Very commonplace, even ugly, that furniture of our early home might look if it were put up to auction; an improved taste in upholstery scorns it; and is not the striving after something better and better in our surroundings the grand characteristic that distinguishes man from the brute, or, to satisfy a scrupulous accuracy of definition
, that distinguishes the British man from the foreign brute?
Do you happen to recall Herbert Spencer's definition of 'Life'?
That," he replied, "is all that any definition can do.
Remember," he warned, "my definition is fatal to metaphysics.
You have not yet picked out the flaw in my definition of philosophy.
But the objection is urged, 'that the honourable is the good,' and as every one equally desires the good, the point of the definition is contained in the words, 'the power of getting them.
Some lesser points of the dialogue may be noted, such as (1) the acute observation that Meno prefers the familiar definition, which is embellished with poetical language, to the better and truer one; or (2) the shrewd reflection, which may admit of an application to modern as well as to ancient teachers, that the Sophists having made large fortunes; this must surely be a criterion of their powers of teaching, for that no man could get a living by shoemaking who was not a good shoemaker; or (3) the remark conveyed, almost in a word, that the verbal sceptic is saved the labour of thought and enquiry (ouden dei to toiouto zeteseos).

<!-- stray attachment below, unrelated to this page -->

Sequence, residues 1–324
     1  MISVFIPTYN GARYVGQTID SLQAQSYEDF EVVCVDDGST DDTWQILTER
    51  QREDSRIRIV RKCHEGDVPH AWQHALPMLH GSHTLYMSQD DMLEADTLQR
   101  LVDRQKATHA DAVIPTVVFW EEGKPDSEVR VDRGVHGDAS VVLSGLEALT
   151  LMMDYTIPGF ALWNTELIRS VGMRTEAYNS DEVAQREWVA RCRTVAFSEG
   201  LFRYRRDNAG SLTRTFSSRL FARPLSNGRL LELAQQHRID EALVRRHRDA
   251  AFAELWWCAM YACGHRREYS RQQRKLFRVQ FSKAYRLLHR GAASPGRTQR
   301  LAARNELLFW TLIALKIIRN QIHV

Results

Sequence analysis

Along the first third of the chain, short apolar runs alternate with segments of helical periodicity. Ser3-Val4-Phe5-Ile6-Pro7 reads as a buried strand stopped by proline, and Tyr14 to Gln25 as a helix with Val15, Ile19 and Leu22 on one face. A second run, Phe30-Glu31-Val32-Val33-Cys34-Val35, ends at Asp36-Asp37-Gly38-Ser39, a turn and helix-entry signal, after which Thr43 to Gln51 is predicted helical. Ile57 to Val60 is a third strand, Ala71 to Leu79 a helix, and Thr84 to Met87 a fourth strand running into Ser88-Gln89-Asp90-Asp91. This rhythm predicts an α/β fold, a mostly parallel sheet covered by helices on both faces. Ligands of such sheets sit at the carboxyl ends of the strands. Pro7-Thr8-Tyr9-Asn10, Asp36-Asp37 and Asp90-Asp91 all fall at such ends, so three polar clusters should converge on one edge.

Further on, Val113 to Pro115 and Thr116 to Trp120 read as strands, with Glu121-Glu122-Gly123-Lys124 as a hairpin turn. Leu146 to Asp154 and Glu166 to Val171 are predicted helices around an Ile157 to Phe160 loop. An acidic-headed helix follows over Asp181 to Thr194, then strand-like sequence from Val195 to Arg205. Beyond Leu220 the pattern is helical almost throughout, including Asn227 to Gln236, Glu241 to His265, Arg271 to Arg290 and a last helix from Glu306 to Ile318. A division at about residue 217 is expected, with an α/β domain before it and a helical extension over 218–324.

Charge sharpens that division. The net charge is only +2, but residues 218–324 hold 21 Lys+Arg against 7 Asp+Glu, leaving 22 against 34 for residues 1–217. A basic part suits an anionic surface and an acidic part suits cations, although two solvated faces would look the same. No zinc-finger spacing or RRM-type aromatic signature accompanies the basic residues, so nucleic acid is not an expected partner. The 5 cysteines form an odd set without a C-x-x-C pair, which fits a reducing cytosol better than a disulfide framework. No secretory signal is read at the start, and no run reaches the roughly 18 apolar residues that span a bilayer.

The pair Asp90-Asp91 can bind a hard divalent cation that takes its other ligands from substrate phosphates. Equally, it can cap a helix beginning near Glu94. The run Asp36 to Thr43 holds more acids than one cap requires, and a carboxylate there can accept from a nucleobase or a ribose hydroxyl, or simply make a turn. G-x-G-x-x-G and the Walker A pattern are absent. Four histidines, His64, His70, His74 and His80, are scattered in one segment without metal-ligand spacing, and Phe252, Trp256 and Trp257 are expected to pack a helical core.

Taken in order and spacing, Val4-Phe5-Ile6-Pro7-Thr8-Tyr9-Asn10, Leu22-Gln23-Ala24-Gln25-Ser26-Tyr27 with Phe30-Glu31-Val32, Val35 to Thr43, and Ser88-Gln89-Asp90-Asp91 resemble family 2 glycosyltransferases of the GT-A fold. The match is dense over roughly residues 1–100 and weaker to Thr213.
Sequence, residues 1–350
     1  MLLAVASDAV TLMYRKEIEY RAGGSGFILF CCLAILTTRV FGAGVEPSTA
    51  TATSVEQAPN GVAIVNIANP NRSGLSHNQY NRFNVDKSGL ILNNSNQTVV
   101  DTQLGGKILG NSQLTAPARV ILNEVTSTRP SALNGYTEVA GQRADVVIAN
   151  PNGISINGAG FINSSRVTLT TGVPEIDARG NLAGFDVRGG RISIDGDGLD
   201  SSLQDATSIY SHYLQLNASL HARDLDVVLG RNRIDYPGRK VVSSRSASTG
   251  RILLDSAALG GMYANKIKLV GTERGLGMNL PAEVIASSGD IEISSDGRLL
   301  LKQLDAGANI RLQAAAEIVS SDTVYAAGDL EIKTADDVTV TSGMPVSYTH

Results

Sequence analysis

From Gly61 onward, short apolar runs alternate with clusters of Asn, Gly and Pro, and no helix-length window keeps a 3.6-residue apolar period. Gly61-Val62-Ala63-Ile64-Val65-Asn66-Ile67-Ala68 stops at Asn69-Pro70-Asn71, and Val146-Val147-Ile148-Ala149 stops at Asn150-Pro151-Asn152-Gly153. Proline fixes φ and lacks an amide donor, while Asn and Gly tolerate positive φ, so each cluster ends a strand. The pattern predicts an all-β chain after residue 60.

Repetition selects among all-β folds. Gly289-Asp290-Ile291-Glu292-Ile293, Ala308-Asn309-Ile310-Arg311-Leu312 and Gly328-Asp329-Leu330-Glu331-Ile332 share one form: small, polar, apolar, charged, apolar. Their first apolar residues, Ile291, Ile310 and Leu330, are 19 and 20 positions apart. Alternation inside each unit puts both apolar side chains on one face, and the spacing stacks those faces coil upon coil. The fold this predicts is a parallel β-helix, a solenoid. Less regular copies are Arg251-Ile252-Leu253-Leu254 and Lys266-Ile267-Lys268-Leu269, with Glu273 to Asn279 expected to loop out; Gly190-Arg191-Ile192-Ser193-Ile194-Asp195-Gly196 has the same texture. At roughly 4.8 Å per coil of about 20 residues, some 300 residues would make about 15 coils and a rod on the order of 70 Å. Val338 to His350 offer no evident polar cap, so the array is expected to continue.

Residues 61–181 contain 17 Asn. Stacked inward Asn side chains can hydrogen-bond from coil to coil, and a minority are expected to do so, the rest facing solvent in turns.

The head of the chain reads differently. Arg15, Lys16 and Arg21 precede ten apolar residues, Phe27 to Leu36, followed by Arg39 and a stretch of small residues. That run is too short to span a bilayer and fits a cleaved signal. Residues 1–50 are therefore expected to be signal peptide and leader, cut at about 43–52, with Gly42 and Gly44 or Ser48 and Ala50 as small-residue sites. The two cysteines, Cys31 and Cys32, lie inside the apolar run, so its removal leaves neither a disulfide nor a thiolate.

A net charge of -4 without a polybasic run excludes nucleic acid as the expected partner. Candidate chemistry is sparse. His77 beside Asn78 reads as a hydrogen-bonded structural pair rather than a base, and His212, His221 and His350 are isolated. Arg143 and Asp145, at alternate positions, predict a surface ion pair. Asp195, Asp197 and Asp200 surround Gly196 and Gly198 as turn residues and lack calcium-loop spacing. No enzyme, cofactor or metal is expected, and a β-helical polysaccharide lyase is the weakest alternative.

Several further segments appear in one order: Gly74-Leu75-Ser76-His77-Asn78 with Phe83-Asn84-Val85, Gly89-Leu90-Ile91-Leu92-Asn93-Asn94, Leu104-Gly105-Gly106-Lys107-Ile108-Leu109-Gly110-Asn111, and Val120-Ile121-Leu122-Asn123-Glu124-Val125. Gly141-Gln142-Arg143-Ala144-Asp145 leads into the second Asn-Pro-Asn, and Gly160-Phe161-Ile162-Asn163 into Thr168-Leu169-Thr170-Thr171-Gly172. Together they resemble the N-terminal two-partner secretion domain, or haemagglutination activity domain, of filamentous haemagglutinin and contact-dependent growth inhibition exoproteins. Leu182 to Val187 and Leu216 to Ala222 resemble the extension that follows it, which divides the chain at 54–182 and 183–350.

Numerous instances could be given of characters derived from parts which must be considered of very trifling physiological importance, but which are universally admitted as highly serviceable in the definition of whole groups.
Nothing can be easier than to define a number of characters common to all birds; but in the case of crustaceans, such definition has hitherto been found impossible.
The principles of definition
, the law of contradiction, the fallacy of arguing in a circle, the distinction between the essence and accidents of a thing or notion, between means and ends, between causes and conditions; also the division of the mind into the rational, concupiscent, and irascible elements, or of pleasures and desires into necessary and unnecessary-- these and other great forms of thought are all of them to be found in the Republic, and were probably first invented by Plato.
Professor Lloyd Morgan gives the following definition of "instinctive behaviour":
This definition is framed for the purposes of biology, and is in some respects unsuited to the needs of psychology.